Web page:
Dilatancy And The Seismic Focal Mechanism

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Ductile Precambrian fabric control of seismic anisotropy in

extensive dilatancy anisotropy (EDA) [Crampin, 1987; crust and may be a more significant mechanism for producing seismic anisotropy than vertical fluid-filled posite focal mechanism in the

VOL. 80, NO. 11 JOURNAL OF GEOPHYSICAL RESEARCH APRIL 10, 1975

the focal region. The time scales of the above processes would presumably be quite different. In alternatives 1 and 2 one must postulate that crack closure or redistribution is part of the natural sequence of events that follow onset of dilatancy and precede failure.

Index [assets.cambridge.org]

fault-plane solution see focal mechanism faults and tectonic regions, by location Africa Rift system, 323 4 Witwatersrand, section 6.5.3 Alaska Aleutian Arc, 284 5 California Calaveras, 334 6 Camp Rock/Emerson, 212 14 Cleghorn, 162 Coyote Creek, 175 Eastern California shear zone, 212, 250 Elmore Ranch, 242 Hayward, 237, 334 6

Yun Liu,132 Stuart Crampin' and Rachael E. Abercrombie3'*

tation inferred from focal mechanism studies (Jones 1988) in the area is in a N17 W direction, consistent with the right- lateral strike-slip motion on the major fault and with the principal horizontal strain measurements in the area (Savage, Prescott & Gu 1986). However, this cannot explain the exist-

Magnetic transfer function entropy and the 2009 w 6.3 L

seismic velocities, electrical conductivity and crustal defor-mations may occur (Wyss, 1997). In order to explain such observed phenomena, many models have been proposed and among those most often referred to, there is the dilatancy model which represents essentially an increase in porosity (Brace et al., 1966; Brace, 1975).

Tectonics, magmatism and paleo-fluid distribution in a strike

seismic activity (Haberland et al., 2006; Lange et al., 2008) is present throughout the LOFS. At the southern termination of LOFS (Aysén Fjord) a seismic swarm occurred in April 2007 together with a Mw 6.2 earthquake at 12 km of depth, with a right-lateral focal mechanism at a NS-striking fault plane (Fig. 1a) (Legrand et al., 2011). Similarly, at

Publications of Yehuda Ben-Zion Books / Special Volumes

temporal changes of shallow seismic velocities at the Garner Valley near Anza, California, in relation to the M7.2 2010 El Mayor-Cucapah earthquake, J Geophys.

Index [assets.cambridge.org]

earthquake focal mechanism 7, 15, 17, 145, 158 auxiliary plane 18 B axis 18 beach balls 158 compressional quadrant 159 dilatational quadrant 159 fault plane 18 inversion of multiple mechanisms 162 low friction fault planes 161 nodal planes 159 normal faulting focal mechanism 160 P axis 18, 161 relation to principal stresses 161, 187, 189

3. GENERATION OF ELECTRICAL SIGNALS

mechanism which generates electrical potential, caused, by diffusion of fluid into a dilatant, focal region. The details of this mechanism are demonstrated in the following figure (3.1.1). Fig. 3.1.1. Schematic diagram of electric double layer and velocity profile utilized, in a capillary (after Mizutani et al. 1976).

Slow Slip Predictions Based on Granit and Gabbro Friction

uous GPS observations. Section 5 discusses fault dilatancy as a mechanism for generating slow slip events over a much larger range of velocity-weakening fault and its implication for the downdip limit of a megathrust earthquake rupture, potential 3-D effects and differences in using the ageing and slip state evolution laws. 2. Model Setup 2.1.

International Journal of Rock Mechanics and Mining Sciences

Focal mechanism Asperity Acoustic emission Implosion Compaction ABSTRACT Fault heterogeneities such as bumps, bends, and stepovers are commonly observed on natural faults, but are challenging to recreate under controlled laboratory conditions. We study deformation and microseismicity of a

CANADIAN JOURNAL OF EXPLORATION GEOPHYSICS

deployed in the New Madrid seismic zone, central USA, since October, 1989. Three major earthquakes(nr > 7) occurred in the zone in 18 I 1- 12 and the area is subject to constant microearthquake activity at focal depths of 3 to 1.5 km. The station density and signal frequencies of 8 to IO Hz, recorded at 100 Hz, provide an opportu-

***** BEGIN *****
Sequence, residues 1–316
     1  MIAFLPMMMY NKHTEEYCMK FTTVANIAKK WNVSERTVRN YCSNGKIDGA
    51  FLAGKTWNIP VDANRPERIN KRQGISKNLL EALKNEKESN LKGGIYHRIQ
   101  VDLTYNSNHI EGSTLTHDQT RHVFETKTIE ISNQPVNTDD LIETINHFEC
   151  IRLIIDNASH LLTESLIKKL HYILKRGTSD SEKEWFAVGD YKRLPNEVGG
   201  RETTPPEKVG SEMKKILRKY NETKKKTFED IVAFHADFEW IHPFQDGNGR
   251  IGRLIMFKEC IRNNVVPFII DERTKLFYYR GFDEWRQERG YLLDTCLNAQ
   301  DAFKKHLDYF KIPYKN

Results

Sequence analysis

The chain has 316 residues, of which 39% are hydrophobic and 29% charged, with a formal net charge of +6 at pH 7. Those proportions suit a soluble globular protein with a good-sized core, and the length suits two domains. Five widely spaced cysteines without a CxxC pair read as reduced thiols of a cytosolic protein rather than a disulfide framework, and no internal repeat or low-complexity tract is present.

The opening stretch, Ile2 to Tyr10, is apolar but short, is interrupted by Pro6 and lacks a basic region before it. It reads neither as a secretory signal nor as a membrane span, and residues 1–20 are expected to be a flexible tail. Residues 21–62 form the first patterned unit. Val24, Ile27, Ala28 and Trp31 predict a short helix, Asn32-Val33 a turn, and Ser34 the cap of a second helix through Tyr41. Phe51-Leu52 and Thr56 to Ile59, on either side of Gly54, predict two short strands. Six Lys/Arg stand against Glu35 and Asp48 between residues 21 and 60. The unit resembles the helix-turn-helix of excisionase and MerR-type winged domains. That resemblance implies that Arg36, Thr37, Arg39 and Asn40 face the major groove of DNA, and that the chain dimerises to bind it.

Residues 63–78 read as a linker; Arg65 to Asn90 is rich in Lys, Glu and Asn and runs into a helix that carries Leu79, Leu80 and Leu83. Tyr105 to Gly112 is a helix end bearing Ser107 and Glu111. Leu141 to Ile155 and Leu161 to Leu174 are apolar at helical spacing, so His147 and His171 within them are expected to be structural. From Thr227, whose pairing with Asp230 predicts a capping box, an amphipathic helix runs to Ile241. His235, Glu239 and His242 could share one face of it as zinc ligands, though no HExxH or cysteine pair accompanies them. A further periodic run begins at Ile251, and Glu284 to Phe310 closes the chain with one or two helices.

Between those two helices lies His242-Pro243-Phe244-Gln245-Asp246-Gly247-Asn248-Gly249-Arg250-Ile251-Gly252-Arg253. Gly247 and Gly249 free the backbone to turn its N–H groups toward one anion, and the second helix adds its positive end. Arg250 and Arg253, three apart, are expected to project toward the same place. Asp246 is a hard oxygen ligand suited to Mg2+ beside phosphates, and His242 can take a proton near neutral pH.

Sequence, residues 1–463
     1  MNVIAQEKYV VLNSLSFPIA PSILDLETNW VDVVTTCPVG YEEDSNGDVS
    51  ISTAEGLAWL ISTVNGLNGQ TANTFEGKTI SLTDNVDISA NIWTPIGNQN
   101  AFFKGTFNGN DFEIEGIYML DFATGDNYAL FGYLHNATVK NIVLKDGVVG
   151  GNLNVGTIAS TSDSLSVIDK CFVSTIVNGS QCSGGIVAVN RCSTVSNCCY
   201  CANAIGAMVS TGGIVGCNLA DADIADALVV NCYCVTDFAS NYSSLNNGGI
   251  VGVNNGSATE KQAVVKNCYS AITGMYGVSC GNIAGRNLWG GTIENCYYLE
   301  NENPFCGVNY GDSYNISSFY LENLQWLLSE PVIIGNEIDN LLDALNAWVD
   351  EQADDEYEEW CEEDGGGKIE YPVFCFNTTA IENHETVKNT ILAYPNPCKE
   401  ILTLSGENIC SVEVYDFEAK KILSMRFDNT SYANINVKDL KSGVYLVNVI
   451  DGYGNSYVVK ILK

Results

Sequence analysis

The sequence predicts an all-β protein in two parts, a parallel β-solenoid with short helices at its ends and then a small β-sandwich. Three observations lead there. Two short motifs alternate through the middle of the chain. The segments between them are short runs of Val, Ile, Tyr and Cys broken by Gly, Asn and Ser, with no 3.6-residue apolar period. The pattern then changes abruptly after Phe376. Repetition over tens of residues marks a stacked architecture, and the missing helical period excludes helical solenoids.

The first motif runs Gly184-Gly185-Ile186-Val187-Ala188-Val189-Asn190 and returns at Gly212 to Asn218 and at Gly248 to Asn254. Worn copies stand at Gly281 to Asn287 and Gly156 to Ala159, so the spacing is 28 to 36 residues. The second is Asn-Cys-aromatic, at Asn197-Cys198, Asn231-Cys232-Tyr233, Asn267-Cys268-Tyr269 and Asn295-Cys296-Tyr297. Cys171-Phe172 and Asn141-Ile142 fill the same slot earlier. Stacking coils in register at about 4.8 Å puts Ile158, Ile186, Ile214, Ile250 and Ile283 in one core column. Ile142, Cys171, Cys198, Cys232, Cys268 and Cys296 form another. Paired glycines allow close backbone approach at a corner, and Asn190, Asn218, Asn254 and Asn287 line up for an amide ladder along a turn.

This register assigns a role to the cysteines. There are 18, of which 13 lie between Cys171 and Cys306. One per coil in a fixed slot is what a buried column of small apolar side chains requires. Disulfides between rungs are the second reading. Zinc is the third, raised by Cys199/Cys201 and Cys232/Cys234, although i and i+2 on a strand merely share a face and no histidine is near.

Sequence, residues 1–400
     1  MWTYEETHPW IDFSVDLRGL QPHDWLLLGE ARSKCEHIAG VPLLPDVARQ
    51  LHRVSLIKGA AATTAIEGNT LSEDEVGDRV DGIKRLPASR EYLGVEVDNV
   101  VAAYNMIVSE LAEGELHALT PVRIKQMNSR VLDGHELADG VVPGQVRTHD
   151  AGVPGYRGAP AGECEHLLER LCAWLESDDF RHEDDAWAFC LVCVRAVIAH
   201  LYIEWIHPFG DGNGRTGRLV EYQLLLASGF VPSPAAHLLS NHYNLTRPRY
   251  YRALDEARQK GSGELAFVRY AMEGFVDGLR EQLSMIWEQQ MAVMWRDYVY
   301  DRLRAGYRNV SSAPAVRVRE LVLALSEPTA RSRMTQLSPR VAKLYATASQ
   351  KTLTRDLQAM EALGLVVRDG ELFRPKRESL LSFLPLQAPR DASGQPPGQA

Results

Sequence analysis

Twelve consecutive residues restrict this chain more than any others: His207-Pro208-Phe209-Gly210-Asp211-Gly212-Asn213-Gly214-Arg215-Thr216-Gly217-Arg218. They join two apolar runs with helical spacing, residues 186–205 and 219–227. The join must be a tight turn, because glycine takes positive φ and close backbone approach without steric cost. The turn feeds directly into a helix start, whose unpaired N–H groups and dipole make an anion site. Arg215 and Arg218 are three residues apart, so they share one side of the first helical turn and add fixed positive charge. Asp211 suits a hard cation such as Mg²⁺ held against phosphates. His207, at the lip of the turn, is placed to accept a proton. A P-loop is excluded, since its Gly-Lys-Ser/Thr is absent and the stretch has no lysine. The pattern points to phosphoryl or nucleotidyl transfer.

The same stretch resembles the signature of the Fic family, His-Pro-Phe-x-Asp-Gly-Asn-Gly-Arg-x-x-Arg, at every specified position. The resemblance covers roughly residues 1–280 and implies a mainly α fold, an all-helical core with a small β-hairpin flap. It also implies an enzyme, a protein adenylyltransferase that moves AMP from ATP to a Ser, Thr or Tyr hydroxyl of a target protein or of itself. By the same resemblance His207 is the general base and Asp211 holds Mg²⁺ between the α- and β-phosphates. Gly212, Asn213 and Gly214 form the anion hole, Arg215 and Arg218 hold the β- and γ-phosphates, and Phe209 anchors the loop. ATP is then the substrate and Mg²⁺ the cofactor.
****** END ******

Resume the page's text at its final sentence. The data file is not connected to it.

Constraints on Friction, Dilatancy, Diffusivity, and

is aseismic rather than seismic. Similar to Hawthorne and Rubin (2010) our application of triggering models will be to slow slip. The other class of models (Perfettini & Schmittbuhl, 2001) is specific to earthquake occurrence in regions where the predominant strain release mechanism is aseismic slip and the seismic moment is a small fraction

SCIE:NCE

with that predicted from dilatancy model. The various stages of the earth-quake cycle are shown in Fig. 2A. In addition, the dilatancy model predicts that, as pore pressure decreases and effective stress increases during stage II and part of stage III (Fig. 1), dila-tancy hardening should occur and the seismic activity should decrease. Figure

Rheology and stress in subduction zones around the aseismic

mechanism for slow events. This may involve a component of hydraulic fracture, as suggested by the fact that they occur in a zone characterized by high Vp/Vs ratios (e.g., Beroza and Ide 2010), indicating high water content. Tremor and slow slip events have also been attributed to Fig. 1 The seismic-aseismic transition in a subduction zone.

Best Available - DTIC

SEISMIC WAVES FOR THE IDENTIFICATION OP SEISMIC SOURCES. OCSCRIPTIVE NOTES (Typt ol report and Inclutlve dale ) Scientific Interim 5 UTHORISI (FitH name, middle inlllal, latl name) Keith ;4cCamy REPORT DATE T October 1973 CONTRACT OR GRANT NO AI^PA Order No. 1795 Fi962ö-71-C-02il5 6. PROJECT NO 1795-00-01

Hydrogeological responses to the 2016 Gyeongju earthquakes, 2

62 earthquake in Korea since instrumental seismic monitoring started in Korea in 1978. The 63 source mechanism of the Gyeongju earthquakes displayed strike-slip movement of a branch 64 of the Yangsan Fault (YSF) passing through the Gyeongju area (Kim et al., 2017b;Kim et al., 65 2016). Slip analysis and earthquake focal mechanism solutions have

Quantitative Geophysics and Geology

12.9 Focal mechanism and real fracture mechanism 249 12.10 Stick-slip motion and earthquake recurrence 252 12.11 Aseismic slip and silent earthquakes 253 12.12 Intermediate and deep earthquakes 256 12.13 Seismic hazard estimation from historical earthquakes 256 12.14 Palaeoseismicity 259 12.15 Long- and medium-term seismic prediction 260

TECTONIC IMPLICATIONS OF SUBCRUSTAL, NORMAL FAULTING

seismic activity and source mechanism. ICHIKAWA (1971) has described some features of the focal mechanism of a number of subcrustal earthquakes during the period from 1926 to 1968, which include the present earthquake and some of its aftershocks. His results show that normal faulting earthquakes pre-Fig. 1.